When you walk into Design and Wine, located on Belgrade Avenue in North Mankato, you’ll immediately notice the colorful pieces of art that cover the walls. There are rustic farmhouse kitchen signs, patriotic American flags with bits of sheet metal for accents, pictures constructed out of cleverly strung string, oil paintings of beloved pets and many more.
But this space is more than just an art gallery. While you could certainly purchase a piece of artwork that particularly calls to you, you also have the chance to create your own. In fact, that’s the main reason for the space.
Owner Laura Doyen founded Design and Wine in 2014 with the plan to offer painting workshops to interested art lovers. Originally working out of the back of her vehicle, she moved into her studio space on Belgrade Avenue in 2017. Now, she and her employees offer workshops on everything from canvas painting to wood pallet art, while people can also schedule private events for friends, family, corporate team building or other gatherings.
“You name it, we’ll try to make it work for you,” Doyen said.
According to Doyen, she got the idea for her business after attending a canvas painting workshop in Rochester.
“I was like, ‘Oh my gosh, Mankato totally needs this,’” she recalled.
Doyen let the idea sit for some time as she went through a divorce and resettled. At the time, she was working full-time at a law office, but it became difficult to work so many hours away from her six-year-old daughter, so she started thinking of other possibilities.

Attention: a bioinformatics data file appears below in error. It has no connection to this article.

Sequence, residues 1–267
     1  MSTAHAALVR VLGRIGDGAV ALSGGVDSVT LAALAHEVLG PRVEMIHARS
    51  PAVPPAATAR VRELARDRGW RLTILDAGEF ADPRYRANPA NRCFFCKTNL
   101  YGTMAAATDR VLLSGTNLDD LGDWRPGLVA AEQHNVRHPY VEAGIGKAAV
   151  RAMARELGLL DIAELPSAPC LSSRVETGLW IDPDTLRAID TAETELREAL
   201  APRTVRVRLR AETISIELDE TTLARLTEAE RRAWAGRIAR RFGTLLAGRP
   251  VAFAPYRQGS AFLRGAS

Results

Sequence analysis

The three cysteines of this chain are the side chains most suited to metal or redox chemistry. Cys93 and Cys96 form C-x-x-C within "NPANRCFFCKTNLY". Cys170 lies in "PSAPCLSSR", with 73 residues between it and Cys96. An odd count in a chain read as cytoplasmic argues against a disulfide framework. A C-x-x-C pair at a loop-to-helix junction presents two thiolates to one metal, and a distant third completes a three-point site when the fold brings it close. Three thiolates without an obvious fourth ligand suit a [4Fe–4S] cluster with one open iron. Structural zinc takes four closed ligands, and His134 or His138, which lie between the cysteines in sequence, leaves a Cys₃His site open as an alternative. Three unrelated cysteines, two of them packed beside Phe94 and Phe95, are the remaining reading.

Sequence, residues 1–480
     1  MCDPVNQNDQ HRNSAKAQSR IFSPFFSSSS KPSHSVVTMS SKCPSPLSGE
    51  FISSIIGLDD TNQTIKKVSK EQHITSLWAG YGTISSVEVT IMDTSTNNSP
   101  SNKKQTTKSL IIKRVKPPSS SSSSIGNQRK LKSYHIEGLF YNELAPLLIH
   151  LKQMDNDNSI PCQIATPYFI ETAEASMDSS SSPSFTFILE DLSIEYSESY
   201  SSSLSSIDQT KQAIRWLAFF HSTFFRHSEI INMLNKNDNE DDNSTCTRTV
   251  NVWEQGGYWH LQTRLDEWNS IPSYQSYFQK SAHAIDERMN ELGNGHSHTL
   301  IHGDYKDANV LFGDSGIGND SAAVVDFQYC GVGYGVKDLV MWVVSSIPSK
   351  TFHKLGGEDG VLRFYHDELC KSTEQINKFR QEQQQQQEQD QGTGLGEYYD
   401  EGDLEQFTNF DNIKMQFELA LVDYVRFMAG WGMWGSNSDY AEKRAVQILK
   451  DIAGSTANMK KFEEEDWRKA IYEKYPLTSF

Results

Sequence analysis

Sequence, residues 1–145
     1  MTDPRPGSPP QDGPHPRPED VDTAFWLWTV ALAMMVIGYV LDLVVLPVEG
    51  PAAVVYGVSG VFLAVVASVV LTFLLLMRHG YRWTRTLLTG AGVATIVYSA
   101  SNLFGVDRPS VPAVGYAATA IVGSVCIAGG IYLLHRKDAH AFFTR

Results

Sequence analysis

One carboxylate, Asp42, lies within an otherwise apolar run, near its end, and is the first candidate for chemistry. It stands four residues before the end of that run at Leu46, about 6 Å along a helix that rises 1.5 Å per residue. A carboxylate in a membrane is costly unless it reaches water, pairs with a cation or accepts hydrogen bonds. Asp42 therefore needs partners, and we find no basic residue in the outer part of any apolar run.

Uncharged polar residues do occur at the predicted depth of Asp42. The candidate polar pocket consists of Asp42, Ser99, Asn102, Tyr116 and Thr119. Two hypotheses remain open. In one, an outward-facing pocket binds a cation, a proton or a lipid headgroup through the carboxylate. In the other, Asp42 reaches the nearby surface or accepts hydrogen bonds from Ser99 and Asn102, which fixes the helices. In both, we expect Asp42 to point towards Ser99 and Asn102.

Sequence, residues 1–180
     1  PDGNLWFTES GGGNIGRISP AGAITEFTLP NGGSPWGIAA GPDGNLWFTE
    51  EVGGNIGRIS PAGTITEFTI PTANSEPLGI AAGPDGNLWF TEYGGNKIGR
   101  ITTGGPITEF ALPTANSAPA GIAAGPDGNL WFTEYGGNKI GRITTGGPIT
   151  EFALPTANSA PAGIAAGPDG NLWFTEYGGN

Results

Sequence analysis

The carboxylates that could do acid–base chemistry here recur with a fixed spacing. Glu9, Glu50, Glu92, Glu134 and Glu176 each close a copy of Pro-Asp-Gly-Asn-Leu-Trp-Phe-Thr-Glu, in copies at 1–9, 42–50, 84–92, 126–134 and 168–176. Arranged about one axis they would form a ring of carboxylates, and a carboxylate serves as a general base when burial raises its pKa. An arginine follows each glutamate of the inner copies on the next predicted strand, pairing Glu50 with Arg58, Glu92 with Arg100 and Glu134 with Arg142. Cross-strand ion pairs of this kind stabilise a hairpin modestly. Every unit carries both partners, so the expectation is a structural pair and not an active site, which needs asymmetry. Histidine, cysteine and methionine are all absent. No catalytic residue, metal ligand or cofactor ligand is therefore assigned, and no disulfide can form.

“My dad said, ‘What about that painting thing you wanted to do?’” she said, adding that she had hesitated at first because she was concerned about investing the funds to purchase enough art supplies. “He asked, ‘What is your thing that’s going to cost you the most?’ And I said buying the easels. Two days later, he called me and said, ‘I have 22 easels made for you.’ So, I was like, ‘Okay, we’re doing this.’”
Doyen launched a Facebook page first, advertising canvas painting workshops that she would host on-site. She admitted that she didn’t really put a whole lot of thought into it because she “didn’t think it’d go anywhere.” But 20 minutes after her page went live, someone emailed her asking about setting up an event.
“By the time we’d had our first event, I had six more scheduled,” she said. “It went like crazy.”
For the first two years, Doyen traveled to people’s homes to lead the workshops, bringing her supplies in the back of her vehicle. Eventually, she was hired to teach the workshops as bars, restaurants, and other businesses in the area, often for corporate team building events but also for social events to bring more patrons into the establishment.
By this time, Doyen had married her husband, Ryan, who pointed out how much she was working between her job at the law firm and her ever-increasing workshops after hours and on weekends.